• The IAT is a valid instrument to measure the implicit social stigma and not to resort only to explicit measures.
• Implicit and explicit measures are not necessarily related, reflecting different dimensions of the same construct.
• The implicit dimension of stigma needs to be studied and included in future theoretical models and applied studies.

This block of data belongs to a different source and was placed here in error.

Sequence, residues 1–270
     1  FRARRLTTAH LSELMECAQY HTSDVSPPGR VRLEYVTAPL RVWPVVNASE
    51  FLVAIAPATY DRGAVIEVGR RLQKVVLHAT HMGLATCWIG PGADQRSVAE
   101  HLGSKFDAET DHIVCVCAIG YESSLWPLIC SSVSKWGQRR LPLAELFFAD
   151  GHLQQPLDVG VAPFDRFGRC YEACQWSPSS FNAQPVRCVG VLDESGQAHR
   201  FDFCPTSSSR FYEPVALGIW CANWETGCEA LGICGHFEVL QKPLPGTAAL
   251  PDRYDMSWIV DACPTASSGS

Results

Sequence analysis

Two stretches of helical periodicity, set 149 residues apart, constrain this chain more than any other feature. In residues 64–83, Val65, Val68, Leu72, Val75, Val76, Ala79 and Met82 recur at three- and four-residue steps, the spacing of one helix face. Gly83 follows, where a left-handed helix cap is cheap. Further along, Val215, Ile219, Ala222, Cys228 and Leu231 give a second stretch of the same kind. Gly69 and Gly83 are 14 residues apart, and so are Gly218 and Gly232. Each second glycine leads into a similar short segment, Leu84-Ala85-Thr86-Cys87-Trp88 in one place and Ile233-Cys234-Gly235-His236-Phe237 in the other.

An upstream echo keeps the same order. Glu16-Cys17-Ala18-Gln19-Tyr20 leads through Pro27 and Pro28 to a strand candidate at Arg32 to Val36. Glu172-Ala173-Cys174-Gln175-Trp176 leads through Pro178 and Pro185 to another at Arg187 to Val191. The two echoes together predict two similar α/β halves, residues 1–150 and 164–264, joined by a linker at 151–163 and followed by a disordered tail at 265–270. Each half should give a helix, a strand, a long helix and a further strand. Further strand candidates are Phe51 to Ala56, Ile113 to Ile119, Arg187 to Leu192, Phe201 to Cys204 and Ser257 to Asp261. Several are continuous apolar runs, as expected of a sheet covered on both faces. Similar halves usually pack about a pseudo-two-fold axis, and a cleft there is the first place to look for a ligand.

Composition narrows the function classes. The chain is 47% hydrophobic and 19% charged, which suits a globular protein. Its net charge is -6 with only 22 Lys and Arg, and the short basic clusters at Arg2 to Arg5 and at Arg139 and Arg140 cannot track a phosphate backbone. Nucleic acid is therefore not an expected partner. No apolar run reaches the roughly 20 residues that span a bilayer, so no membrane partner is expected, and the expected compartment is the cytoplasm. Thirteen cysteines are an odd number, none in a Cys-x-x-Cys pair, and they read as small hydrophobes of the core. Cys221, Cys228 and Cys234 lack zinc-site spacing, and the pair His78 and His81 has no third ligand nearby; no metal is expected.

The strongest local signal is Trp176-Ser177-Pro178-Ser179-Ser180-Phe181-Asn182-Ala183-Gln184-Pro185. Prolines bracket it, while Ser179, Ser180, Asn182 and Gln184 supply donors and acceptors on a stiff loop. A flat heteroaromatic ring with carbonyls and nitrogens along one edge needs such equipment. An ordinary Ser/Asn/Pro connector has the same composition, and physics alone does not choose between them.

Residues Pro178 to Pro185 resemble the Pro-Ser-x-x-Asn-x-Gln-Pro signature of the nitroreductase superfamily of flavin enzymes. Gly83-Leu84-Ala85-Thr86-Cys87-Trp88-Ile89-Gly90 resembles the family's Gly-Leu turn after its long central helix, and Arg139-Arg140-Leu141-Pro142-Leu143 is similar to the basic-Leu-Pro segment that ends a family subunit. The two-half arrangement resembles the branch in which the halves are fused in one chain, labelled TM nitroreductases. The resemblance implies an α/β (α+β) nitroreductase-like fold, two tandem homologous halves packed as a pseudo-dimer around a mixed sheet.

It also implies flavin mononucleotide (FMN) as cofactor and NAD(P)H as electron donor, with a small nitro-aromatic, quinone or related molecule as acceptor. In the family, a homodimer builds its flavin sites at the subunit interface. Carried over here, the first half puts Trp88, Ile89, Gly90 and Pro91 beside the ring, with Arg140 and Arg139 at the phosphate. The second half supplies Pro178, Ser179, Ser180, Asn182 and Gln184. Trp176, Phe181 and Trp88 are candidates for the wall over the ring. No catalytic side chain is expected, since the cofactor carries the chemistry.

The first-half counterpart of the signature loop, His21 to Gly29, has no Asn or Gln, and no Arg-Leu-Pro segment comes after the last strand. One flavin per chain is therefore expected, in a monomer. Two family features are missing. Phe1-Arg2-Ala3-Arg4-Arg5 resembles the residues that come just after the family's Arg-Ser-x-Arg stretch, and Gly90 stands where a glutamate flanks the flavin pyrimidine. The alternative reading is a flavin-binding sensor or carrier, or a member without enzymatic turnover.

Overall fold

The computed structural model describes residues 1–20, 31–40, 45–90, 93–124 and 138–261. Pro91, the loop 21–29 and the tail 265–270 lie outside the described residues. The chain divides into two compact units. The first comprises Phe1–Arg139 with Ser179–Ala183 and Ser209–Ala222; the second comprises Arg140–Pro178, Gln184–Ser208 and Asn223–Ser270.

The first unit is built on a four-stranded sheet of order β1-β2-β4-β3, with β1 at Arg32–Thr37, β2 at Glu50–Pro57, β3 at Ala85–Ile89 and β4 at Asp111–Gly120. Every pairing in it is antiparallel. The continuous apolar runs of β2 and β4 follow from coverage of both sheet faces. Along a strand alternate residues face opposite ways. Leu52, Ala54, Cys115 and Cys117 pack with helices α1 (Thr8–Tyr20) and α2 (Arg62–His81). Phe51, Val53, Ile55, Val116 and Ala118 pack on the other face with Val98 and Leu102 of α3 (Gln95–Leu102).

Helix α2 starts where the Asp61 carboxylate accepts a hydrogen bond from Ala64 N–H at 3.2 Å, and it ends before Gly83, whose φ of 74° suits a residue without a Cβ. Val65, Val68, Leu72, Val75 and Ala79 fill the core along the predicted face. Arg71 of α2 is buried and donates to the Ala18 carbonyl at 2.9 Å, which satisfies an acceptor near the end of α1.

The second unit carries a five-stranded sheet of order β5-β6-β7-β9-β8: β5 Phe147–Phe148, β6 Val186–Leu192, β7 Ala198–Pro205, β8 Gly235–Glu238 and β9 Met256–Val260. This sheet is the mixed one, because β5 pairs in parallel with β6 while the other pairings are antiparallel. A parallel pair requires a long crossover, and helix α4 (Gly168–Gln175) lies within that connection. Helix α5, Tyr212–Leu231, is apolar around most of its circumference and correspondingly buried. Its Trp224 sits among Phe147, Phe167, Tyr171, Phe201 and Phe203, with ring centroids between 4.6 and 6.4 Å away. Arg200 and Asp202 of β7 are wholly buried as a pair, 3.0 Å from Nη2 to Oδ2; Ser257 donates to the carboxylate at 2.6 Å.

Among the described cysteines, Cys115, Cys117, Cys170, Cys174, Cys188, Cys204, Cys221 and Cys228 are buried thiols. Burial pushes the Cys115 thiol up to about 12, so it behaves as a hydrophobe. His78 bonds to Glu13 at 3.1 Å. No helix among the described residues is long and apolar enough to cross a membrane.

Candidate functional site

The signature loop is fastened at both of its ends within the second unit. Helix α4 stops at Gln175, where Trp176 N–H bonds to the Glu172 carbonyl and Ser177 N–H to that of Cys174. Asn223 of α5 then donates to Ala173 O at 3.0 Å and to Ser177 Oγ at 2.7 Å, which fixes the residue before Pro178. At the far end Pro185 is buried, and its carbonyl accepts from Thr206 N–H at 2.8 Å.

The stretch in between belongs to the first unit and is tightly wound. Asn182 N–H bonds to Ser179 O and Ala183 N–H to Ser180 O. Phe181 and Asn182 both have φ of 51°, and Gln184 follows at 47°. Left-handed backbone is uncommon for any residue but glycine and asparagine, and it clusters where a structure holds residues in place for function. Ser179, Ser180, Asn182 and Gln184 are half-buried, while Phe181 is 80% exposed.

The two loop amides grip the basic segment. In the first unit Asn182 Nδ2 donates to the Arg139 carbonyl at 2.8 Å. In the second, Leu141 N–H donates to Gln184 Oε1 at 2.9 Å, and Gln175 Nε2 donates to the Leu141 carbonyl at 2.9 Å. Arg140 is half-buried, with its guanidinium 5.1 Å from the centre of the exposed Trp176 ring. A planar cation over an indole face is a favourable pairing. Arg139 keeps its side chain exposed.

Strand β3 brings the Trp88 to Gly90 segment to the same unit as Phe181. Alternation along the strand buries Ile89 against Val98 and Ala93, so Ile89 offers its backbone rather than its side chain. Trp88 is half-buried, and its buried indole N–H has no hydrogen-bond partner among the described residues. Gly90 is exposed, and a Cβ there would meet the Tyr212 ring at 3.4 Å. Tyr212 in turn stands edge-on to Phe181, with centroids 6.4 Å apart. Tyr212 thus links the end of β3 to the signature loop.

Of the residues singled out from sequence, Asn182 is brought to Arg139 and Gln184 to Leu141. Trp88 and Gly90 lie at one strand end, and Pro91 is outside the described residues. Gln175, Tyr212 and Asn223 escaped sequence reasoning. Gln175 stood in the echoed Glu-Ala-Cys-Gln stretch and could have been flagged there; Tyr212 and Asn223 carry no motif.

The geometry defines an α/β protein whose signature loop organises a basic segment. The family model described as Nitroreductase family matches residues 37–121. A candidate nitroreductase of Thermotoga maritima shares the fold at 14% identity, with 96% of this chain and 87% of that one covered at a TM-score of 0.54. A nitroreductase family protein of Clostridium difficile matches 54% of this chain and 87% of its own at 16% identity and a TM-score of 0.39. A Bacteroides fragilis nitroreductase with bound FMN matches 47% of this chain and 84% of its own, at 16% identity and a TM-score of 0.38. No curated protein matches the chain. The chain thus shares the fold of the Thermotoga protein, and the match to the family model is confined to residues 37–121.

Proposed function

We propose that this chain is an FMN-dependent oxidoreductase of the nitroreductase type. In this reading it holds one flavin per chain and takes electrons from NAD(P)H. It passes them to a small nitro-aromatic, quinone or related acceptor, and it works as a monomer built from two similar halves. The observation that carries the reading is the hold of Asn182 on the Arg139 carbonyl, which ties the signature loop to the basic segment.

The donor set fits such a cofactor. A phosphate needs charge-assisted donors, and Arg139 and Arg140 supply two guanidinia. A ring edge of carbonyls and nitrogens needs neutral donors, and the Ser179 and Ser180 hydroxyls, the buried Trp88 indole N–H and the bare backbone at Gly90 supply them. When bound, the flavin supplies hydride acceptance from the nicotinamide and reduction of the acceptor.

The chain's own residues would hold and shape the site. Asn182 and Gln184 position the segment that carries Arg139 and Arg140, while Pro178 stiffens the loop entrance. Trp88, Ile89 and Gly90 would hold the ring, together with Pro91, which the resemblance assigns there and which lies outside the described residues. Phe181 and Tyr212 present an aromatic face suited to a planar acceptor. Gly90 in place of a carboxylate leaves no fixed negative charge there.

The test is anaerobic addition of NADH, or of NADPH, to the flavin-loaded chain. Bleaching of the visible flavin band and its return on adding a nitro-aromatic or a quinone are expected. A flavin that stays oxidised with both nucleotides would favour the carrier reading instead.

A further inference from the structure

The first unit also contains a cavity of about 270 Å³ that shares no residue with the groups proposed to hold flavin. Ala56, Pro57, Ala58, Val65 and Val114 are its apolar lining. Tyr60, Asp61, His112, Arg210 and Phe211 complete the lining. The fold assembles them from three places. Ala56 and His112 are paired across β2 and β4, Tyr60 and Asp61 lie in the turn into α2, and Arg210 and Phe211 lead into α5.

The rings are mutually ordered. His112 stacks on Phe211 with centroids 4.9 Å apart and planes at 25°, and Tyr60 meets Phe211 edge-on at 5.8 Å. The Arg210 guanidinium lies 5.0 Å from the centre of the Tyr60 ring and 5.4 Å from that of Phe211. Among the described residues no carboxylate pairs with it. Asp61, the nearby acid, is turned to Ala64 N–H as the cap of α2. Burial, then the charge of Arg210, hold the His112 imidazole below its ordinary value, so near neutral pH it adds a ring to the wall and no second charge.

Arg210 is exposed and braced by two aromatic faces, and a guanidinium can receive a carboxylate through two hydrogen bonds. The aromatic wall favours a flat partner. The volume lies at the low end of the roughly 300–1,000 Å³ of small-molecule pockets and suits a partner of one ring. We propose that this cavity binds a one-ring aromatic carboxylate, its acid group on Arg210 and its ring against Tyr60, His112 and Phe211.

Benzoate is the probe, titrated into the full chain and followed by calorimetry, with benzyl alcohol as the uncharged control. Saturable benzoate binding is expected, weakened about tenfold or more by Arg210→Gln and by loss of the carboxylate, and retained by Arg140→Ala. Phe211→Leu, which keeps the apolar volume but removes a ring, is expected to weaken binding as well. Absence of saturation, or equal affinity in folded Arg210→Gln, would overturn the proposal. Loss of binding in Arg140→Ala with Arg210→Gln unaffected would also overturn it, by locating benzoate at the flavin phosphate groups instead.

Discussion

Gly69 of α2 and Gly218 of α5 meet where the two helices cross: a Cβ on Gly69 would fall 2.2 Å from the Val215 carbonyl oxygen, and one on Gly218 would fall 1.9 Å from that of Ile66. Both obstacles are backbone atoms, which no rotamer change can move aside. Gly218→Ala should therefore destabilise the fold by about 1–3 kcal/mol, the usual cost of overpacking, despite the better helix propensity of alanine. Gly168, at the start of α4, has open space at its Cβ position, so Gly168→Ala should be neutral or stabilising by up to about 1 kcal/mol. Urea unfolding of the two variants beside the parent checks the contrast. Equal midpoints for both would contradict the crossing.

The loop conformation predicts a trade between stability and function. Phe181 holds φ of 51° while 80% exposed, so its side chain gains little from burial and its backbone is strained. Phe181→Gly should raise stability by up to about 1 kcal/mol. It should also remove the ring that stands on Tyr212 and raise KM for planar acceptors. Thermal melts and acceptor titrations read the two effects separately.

The emergence of the Implicit Association Test (IAT) has encouraged the study of the implicit stigma associated with mental illness in recent years, although further research is still needed in this area. A sample (n = 102) composed of psychology students and people from the general population completed explicit stigma tests: Attribution Questionnaire-9 (AQ-9), Social Distance Scale (DS) and a Spanish version of the IAT. A statistical analysis of sociodemographic measures and variables, and the relationships between explicit and implicit evidence, was carried out. The presence of implicit and explicit stigma was observed throughout the sample. Significantly lower AQ-9 scores were found in the student group. A greater desire for social distance was related to older age, belonging to the general population group and not having a diagnosed relative. In contrast, greater implicit stigma was found in people who had a family member with a diagnosis. No relationship was observed between explicit tests and IAT. An analysis of the main components revealed one implicit component and other explicit. Our study supports the existence of a stigma model with two different dimensions. These findings highlight the need to consider explicit and also implicit stigma, in future theoretical models and applied studies.